In pursuit of better fuel economy, carmakers have created various forms of hybrids. In pursuit of a childhood dream, Chris Lentz created a wild hybrid.
The fifty-five-year-old electrical foreman from Jackson, Michigan, had longed for a jet-powered truck for decades. Two years ago, Lentz discovered a way to realize his dream when he met a pilot from New York who imported used turbojet engines. After watching an example run on a test stand, Lentz paid $10,000 for one. Obtaining a rolling platform for his new toy was a bit easier. Lentz bought a used 2005 Ford F-150 STX on eBay for $12,000.
Lentz's jet engine was designed in the mid-1950s by the Czechoslovakian company Motorlet to power the L-29 Delfin jet trainer. The Motorlet M-701 turbojet has a centrifugal compressor, seven combustion chambers, and a single-stage turbine. According to Jane's All the World's Aircraft, the powerplant weighs 728 pounds and produces 1962 pounds of thrust at 15,500 rpm.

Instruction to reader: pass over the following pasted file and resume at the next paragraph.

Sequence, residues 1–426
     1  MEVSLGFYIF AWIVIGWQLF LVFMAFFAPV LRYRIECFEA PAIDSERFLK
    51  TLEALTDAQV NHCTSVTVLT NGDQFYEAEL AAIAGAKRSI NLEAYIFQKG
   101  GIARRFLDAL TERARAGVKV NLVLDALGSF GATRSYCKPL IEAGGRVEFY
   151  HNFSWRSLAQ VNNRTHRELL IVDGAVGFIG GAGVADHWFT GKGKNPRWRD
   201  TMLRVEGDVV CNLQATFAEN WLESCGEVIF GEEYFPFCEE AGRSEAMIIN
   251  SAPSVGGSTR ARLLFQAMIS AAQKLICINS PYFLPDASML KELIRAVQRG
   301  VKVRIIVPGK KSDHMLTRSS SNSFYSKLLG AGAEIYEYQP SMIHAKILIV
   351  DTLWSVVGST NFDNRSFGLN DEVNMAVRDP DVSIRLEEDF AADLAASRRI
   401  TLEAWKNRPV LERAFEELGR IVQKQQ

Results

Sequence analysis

To install the jet in the truck, Lentz fabricated a sturdy mounting stand, a twenty-gallon kerosene tank, and a control console from aluminum and stainless steel. His decorative touches include a red, white, and blue nose cone and a 2700 HP badge (not divulged is the 516-mph velocity needed to achieve that power level).
To light the burner, the pilot advances a red fuel lever and a blue throttle control while operating a two-stage electric starter.... Read full article